Top Trends in Controls Engineering
In manufacturing, the main focus is on continuously improving efficiencies to speed production up and remain competitive. The rapidity of technological advancements goes hand-in-hand with these goals. New products and software are created regularly, which can be leveraged to meet unprecedented production goals.
At Oxford, we have witnessed the evolving needs of our clients and the skill sets required of our consultants. Based on this, we have compiled a list of the top trends in controls engineering.
Controls and Automation
Automated systems and controls have become cemented in everyday life. These systems utilize data provided by sensors to adjust and improve outcomes and efficiencies. Programmable Logic Controllers (PLC) such as Allen-Bradley™, Siemens™, Mitsubishi™, Modicon™, and GE™ are a critical component of these systems, and the flexibility they provide allows for minute adjustments to be made to processes at the drop of a hat.
According to an article from Motion Control Online, “analysts project that the global conveyor market will reach $12.3 billion by 2022, which is up from $8.2 billion in 2016.” Conveyor systems have come a long way from their bulky, chain-operated ancestors. From quiet, energy-efficient rollers to new space-saving innovations, conveyor systems continue to advance with technology. An efficient, precise conveyor system is the foundation upon which the remaining processes and systems in a production line rely. Conveyor systems are seeing greater flexibility and modular options as manufacturers demand products that can grow with their business. While these developments may seem trivial, each tiny adjustment leads to greater production and more efficient processes, and as a result, greater outcomes.
As conveyor systems advance, so, too must sortation systems. Many factors driving the advancements in conveyor systems are also informing sortation systems. As a result, the emphasis on energy savings and sustainability is carried over. Flexible speed in sortation systems is an in-demand feature, as is it not always necessary to run them at full speed all day. Therefore, the ability to adjust the speed results in higher energy savings and fewer maintenance issues.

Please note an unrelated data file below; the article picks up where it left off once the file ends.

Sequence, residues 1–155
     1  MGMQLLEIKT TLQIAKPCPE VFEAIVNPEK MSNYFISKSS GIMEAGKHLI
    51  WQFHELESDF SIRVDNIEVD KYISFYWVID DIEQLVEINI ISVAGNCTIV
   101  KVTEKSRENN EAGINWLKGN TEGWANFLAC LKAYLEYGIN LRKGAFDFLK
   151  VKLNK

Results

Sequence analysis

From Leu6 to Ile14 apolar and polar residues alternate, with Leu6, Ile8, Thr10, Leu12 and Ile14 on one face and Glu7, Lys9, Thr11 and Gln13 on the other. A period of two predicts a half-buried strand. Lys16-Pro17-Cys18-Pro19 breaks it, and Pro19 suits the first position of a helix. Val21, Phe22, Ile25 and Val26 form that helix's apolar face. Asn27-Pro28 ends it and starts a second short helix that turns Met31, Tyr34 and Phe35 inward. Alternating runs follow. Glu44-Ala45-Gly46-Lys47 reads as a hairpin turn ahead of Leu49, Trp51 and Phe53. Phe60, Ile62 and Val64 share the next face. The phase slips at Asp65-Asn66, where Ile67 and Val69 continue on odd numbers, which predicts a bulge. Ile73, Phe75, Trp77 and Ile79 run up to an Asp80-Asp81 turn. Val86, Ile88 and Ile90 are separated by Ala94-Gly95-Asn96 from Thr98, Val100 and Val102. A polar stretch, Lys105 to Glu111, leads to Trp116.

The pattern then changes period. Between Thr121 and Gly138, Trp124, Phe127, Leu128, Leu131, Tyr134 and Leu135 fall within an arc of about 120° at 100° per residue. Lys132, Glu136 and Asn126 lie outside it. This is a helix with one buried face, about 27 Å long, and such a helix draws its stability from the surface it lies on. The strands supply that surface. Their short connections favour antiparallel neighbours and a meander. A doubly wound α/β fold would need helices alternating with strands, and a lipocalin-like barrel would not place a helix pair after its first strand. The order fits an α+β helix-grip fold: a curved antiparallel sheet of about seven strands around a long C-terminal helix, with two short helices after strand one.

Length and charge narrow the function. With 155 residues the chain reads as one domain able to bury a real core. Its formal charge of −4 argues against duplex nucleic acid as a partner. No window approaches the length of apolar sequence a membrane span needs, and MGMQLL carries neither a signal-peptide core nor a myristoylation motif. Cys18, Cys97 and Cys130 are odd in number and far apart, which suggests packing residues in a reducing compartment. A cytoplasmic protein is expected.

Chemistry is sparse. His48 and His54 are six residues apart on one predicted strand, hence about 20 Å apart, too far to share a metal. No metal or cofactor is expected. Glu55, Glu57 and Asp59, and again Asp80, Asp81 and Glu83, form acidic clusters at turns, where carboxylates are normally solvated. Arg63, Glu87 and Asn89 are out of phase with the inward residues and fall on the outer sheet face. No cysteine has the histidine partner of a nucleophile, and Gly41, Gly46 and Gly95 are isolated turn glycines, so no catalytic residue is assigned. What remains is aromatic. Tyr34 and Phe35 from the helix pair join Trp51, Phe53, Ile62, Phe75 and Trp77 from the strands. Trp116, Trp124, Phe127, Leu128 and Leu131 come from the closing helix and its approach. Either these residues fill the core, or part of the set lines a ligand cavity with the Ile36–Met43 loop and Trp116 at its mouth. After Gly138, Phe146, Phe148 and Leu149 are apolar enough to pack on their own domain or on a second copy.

As the brain of the system, motion control is key to a smooth production process. So, it logically follows that conversations around “smart factories” are becoming more widespread. While a full smart factory is not yet a reality, there have been advancements like the emergence of new servo-control components. “’Because of the power of the digital signal processor (DSP) we are using, we are able now to create motion systems that do not need a centralized controller,’ said Tom Jensen, general manager at AMK Automation. ‘This makes the machines we are on actual “machine modules” and makes things like robotic cells, conveyor integration possible in a small cabinet — or likely cabinet free,’ Jensen said.”
An important skill to focus on is merge logic — specific code in sortation systems that allows easy merging of two conveyors into one, also known as a shoe sorter. The advancements in technology have permitted shoe sorters to be used for a greater variety of products, and operate at higher speeds to increase production.
As the demands on manufacturers continue to rise with the increase in online shopping, technology is there to lighten the load. In the coming years, it will be exciting to see how the industry continues to evolve.